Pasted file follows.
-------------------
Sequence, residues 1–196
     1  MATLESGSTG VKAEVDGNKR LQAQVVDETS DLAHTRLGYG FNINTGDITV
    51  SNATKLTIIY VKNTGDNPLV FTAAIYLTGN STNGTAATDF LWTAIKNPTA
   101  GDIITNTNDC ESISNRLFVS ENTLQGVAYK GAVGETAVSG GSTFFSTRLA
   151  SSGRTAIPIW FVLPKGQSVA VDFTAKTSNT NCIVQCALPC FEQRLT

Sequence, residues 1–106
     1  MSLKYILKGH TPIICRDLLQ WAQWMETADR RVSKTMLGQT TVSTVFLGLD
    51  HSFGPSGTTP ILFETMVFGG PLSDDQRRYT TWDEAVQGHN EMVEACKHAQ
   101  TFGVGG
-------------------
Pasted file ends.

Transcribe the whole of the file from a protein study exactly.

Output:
Sequence, residues 1–196
     1  MATLESGSTG VKAEVDGNKR LQAQVVDETS DLAHTRLGYG FNINTGDITV
    51  SNATKLTIIY VKNTGDNPLV FTAAIYLTGN STNGTAATDF LWTAIKNPTA
   101  GDIITNTNDC ESISNRLFVS ENTLQGVAYK GAVGETAVSG GSTFFSTRLA
   151  SSGRTAIPIW FVLPKGQSVA VDFTAKTSNT NCIVQCALPC FEQRLT

Sequence, residues 1–106
     1  MSLKYILKGH TPIICRDLLQ WAQWMETADR RVSKTMLGQT TVSTVFLGLD
    51  HSFGPSGTTP ILFETMVFGG PLSDDQRRYT TWDEAVQGHN EMVEACKHAQ
   101  TFGVGG